Syche: The Dark Element

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Chapter 6 Refugees

Chapter 6: Refugees

I shall share a secret with you, Joshua. Today was the first day I could have killed you; although, how could I know?

###

A man approached the Dark Element’s fortress in the mountains. The customary robes the Dark Element wore made the wearer shapeless and undefined, but not this man. Even under his thick robes, his large stature cut a defining shape. As if this wasn’t intimidating enough, he made the conscious choice to always scowl. It couldn’t be seen through his covered face, but even then, people knew it was there; he had that kind of demeanor. He shuffled his feet when he walked. Not normally, just today through the snow, leaving a passable trail.

Behind him, a much smaller, much less interesting partner walked in his shadow, her face uncovered. The crow’s feet creeping up around the dark skin under her eyes betrayed her middle age. She was grateful to the first man for clearing the snow. She would never say it, but she suspected it was on her behalf. Her short legs struggled in the high snow. Sure, she could use her powers to help push through, but she didn’t need to start the day mentally exhausted.

So together, these two agents of Dark Element walked to the scene of the breakout, twenty-eight hours ago.

The sun was just beginning to rise, not that anyone could see it. The day was set to be a dark and stormy mess. Snow had yet to drift downwards, but the dark mass of clouds overhead threatened to unleash a blizzard at any moment. At the mountain base, the white-capped peaks and ground were buzzing with little black bees. Patrol upon patrol was spreading out and scouring the area, moving further away from the base after each thorough sweep.

As the pair, giant and woman, moved down to the glade, they walked without a word up to the mouth of the cave where the leader of the fortress himself was talking with two guards. His face was exposed as was his noticeably bald head. Seeing the large man approaching, an almost visible shiver could be seen moving down his person.

“Lieutenant!” the guard saluted in a sloppy move that spoke to zero military training, his entire body jerking into position fast enough to give him whiplash. “We weren’t expecting you until mid-day tomorrow.”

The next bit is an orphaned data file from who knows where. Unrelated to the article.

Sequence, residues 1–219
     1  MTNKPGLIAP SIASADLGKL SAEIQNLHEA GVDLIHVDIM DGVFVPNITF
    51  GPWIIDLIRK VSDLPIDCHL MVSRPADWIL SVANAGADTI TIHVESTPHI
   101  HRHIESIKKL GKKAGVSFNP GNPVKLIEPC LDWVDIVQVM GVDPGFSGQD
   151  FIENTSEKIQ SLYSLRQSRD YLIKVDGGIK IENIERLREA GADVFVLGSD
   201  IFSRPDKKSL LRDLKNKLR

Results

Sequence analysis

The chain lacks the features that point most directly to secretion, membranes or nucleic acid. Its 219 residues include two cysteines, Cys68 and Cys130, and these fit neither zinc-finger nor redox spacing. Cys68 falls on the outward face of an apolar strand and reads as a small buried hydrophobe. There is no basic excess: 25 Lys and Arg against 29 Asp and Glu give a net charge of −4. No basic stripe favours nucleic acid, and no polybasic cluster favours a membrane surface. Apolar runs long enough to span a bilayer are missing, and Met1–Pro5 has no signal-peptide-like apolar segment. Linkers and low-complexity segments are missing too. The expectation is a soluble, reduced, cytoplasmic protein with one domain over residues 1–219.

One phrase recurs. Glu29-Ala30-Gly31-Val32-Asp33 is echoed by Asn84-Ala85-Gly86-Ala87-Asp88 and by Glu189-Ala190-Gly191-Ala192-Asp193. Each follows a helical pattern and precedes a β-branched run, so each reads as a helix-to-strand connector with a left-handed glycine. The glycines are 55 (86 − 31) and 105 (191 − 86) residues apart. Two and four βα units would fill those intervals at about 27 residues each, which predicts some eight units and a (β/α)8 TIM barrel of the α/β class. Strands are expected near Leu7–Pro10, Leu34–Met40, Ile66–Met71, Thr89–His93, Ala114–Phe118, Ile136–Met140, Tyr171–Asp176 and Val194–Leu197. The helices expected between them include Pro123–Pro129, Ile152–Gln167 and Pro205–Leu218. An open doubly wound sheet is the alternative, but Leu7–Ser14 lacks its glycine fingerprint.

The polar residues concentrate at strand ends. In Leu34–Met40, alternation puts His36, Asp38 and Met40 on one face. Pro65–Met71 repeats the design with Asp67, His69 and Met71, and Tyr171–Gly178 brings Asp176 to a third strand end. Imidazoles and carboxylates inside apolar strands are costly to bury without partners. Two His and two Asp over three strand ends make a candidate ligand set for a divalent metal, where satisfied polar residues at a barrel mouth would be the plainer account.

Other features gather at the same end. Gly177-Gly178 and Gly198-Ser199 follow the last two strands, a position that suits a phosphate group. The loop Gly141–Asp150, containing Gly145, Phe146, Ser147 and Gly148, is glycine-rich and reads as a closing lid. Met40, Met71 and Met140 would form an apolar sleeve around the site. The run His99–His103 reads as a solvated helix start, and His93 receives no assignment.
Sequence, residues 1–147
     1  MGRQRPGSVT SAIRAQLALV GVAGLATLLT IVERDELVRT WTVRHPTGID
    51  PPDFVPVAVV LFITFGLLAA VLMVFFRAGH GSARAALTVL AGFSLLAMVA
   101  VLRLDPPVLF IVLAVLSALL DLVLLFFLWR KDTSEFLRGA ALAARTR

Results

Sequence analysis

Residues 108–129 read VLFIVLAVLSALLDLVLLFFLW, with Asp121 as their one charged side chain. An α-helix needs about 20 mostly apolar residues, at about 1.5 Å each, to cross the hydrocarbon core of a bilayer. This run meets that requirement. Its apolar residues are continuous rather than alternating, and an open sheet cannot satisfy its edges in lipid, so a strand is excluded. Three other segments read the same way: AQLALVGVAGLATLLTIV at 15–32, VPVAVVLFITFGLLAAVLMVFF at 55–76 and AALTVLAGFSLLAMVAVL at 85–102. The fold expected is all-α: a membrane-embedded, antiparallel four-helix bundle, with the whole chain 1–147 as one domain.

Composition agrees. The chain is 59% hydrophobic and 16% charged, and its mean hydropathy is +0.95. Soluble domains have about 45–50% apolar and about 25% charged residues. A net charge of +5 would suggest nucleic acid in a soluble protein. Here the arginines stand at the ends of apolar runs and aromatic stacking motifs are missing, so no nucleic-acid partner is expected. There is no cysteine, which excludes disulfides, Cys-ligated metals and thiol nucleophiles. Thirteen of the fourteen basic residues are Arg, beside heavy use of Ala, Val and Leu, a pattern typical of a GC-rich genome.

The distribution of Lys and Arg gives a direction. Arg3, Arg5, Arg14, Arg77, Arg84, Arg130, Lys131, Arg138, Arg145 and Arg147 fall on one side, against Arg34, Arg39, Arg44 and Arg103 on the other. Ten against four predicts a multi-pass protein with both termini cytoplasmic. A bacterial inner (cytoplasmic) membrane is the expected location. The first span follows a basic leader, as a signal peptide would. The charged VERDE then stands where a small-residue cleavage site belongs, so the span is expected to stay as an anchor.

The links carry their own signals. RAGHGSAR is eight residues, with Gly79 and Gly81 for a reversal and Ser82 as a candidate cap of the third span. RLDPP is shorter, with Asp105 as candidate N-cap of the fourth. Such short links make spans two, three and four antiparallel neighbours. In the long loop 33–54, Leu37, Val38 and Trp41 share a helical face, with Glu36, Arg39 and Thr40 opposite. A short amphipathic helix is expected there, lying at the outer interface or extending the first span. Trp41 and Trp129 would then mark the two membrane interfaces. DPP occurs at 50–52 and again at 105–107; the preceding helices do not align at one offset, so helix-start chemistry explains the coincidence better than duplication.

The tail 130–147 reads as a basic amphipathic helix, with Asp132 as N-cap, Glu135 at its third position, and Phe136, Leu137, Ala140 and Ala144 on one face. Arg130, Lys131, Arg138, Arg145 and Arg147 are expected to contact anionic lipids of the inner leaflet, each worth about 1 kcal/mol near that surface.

The large man looked around the landscape at the patrols leaving the area. He approached the man who greeted him. Once within arm’s length, his fist shot out before the poor man knew what hit him and caved his chest in.

“Word was I should get here quickly and expect some level of mayhem,” the giant said, every syllable filled with disdain.

Stooping his colossal frame, he grabbed the injured man by the scruff of the neck. “That was for whatever you are going to tell me,” the giant said. He looked to his partner who stood aloof to the side, showing no visible reaction to what she had witnessed.

“Get me another Syche,” he addressed his companion. “This idiot will make four. Actually, Nadine, grab another Blood Syche. The ocean is never far on this island. We should assume the worst. And then. . . I’ll find what they lost.”

The woman at his side nodded, walking briskly to the cave before turning heel. “Zagan,” she said, “do we send word to the Commander?”

Without looking Zagan yelled back: “No need to bother my wife, she’s entertaining that lunatic from the mainland and has enough to deal with.”

As his number two walked away, Zagan regained his focus. “I’m still waiting. What did you lose?”

The man on the ground gasped, barely able to breathe, but he was given time. “Three prisoners broke out.” The words squeezed out through gritted teeth. “A young girl, one of ours. And an old man. They were both delivered by Special Operations. The third is unclear. We apparently picked up some kid roaming along outside our base.” The man stopped to catch his breath. “And they burned all the food.”